Many a year ago, when I still had about me the sprightly air of youth, I had felt myself most fortunate to have secured entrance into a finishing school where I was to polish those homemaking topics which are appropriate to the instruction of a young lady: pianoforte, embroidery, multivariate calculus, continental philosophy, organic chemistry, and Swahili. My Papa had assured me that it was here, at Upstate New York’s finest charm school, that I would secure my future with a most advantageous marriage.
I was even to be wedded, once. It was four springs ago, under the wisteria blossoms in the Arboretum, that I gazed modestly upon the gentleman to whom I was sure I would be betrothed by the end of my first spring at Cornell. Alas, my betrothal to this titled young lad was not to be. He was torn away from me, summoned to the warfront. When I learnt of his conscription to the brave ranks of the ROTC, my young heart was wrought with worry. He promised to write to me, and for many seasons I awaited word from him. Over two long winters, I gazed wistfully into the blank expanse of snowy Ithaca and shed sparkling tears over the horrible prospects that he was surely facing. Did he have enough to eat at the depleted Okenshield’s mess hall? Did his toes ache from cold through his threadbare boots as he crossed the impenetrable tundra known ominously as the “Engineering Quadrangle?”. Alas, I was to receive no reassurances, no word to salve my wondering heart.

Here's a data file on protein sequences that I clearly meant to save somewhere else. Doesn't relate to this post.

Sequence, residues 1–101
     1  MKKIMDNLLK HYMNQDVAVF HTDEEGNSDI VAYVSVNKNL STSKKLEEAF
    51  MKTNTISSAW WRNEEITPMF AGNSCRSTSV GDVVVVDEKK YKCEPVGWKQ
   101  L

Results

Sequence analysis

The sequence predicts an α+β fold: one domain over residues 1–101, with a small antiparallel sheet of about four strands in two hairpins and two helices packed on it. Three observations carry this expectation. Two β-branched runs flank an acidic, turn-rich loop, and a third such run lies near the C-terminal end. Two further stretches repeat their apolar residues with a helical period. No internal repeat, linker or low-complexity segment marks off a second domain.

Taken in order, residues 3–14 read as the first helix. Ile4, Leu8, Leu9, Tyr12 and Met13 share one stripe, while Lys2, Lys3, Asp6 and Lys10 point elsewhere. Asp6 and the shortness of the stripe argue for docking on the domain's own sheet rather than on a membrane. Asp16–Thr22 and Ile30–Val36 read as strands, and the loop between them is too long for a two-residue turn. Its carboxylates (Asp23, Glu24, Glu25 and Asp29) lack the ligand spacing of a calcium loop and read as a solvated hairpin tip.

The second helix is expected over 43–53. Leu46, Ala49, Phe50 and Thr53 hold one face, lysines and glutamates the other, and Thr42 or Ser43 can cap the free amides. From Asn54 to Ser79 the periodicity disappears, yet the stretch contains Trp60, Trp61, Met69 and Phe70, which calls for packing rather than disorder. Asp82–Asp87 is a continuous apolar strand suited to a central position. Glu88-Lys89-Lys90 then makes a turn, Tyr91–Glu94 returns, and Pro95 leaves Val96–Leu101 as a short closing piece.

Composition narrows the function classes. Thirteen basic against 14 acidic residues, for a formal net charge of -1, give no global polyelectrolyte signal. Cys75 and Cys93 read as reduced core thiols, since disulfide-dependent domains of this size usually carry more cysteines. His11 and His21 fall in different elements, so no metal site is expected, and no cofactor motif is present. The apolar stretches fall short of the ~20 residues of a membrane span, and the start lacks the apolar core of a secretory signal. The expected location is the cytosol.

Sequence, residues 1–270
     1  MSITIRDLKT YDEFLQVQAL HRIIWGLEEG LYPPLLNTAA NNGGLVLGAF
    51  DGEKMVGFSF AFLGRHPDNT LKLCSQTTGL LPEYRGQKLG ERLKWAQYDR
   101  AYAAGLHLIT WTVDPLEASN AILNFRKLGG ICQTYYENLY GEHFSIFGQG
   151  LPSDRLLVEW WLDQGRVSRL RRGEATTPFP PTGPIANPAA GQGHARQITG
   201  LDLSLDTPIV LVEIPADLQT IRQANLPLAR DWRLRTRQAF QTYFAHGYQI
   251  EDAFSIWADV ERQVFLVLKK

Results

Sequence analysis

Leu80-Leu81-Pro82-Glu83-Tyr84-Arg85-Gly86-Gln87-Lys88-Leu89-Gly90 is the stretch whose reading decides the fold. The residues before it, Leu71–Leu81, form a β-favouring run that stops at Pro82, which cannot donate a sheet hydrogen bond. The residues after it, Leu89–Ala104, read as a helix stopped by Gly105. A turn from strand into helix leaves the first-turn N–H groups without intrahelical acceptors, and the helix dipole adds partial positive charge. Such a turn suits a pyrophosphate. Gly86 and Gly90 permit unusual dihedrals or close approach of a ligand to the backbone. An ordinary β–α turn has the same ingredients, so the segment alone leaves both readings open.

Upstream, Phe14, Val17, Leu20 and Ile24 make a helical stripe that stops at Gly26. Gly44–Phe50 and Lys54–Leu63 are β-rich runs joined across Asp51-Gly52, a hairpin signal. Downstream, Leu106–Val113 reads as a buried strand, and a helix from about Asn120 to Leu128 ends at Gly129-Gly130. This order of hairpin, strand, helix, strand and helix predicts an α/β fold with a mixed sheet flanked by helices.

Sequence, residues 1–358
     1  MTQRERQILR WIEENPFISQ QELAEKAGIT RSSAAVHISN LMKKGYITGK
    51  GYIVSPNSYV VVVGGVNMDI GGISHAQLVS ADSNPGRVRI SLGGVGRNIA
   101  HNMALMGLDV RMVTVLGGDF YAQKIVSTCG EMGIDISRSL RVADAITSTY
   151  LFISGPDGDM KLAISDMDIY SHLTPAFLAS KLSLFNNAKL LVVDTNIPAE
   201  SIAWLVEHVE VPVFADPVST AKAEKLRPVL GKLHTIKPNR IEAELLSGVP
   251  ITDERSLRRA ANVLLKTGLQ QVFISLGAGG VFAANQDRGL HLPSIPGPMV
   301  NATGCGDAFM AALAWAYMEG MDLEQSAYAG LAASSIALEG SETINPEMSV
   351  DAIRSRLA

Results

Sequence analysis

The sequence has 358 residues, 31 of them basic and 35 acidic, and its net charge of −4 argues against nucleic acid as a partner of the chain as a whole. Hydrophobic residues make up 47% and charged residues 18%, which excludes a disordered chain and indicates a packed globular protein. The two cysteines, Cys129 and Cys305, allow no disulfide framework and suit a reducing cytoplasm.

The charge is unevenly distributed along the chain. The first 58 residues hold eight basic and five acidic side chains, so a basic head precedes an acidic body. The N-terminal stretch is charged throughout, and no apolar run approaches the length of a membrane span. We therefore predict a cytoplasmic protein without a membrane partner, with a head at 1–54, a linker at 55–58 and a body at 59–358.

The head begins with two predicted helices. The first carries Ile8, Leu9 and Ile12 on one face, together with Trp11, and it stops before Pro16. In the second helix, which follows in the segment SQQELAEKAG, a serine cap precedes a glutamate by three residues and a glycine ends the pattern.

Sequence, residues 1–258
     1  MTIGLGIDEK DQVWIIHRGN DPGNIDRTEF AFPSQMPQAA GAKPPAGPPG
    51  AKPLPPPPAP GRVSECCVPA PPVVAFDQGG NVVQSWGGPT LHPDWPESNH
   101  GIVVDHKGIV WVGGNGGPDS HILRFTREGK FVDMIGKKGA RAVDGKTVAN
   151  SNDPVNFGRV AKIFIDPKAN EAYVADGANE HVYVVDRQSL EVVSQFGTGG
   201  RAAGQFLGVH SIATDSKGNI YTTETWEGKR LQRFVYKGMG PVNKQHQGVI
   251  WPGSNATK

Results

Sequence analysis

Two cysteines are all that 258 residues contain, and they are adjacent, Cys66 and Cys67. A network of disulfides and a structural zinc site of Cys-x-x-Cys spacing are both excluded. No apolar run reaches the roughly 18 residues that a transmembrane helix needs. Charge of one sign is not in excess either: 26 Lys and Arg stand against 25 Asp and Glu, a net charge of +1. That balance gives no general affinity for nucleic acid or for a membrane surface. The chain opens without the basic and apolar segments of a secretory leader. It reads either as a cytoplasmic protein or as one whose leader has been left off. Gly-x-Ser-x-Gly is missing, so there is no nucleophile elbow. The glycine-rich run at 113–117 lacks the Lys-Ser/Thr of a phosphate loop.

It was during this time that I began to wither. Subject to the hardships of Cornell life, I slowly surrendered the rosy glow of girlhood. I developed calluses, aches, and an unbecomingly straightforward manner of speaking. Where I was to find feminine instruction and a husband, I instead found moral corruption, drunkenness, revelry, and promiscuity. Worst of all, I was saddled with the heaviest and most useless burden a woman can carry: a world class education.
The indignities of my condition as an educated woman are myriad. I live the most reprehensible life possible—a life of the mind. I oft find myself engaging in unladylike belligerence when I address men directly as my equal, unconsciously goaded on by the many centuries of knowledge and rhetoric that now fill my soul like a bile. It is a hideous affliction, education. My Mama, who worked so tirelessly to instill in me the virtues of ladyhood, would faint if she saw how crude I have become since my exposure to the grand projects of humanity’s quest for understanding.
Neither feminine instruction nor a suitable husband could Cornell deliver; I instead found myself in the throes of corruption. The young men, whom I had been assured were of the most genteel background, conduct themselves as would barnyard animals.
All this has qualified me only for spinsterhood and dissatisfaction, and I have become resigned to my fate. I shall pass the last days of my life in an attic somewhere, growing ever more shrewish and haggard, with only the dim light of self-actualization and accrued knowledge of the great texts of the Western canon to illuminate the space. The devil himself would pity my bargain; trading an ivory dress for the ivory tower. I think, therefore I am forever alone. Fie upon Cornell, miserable bastion of learning!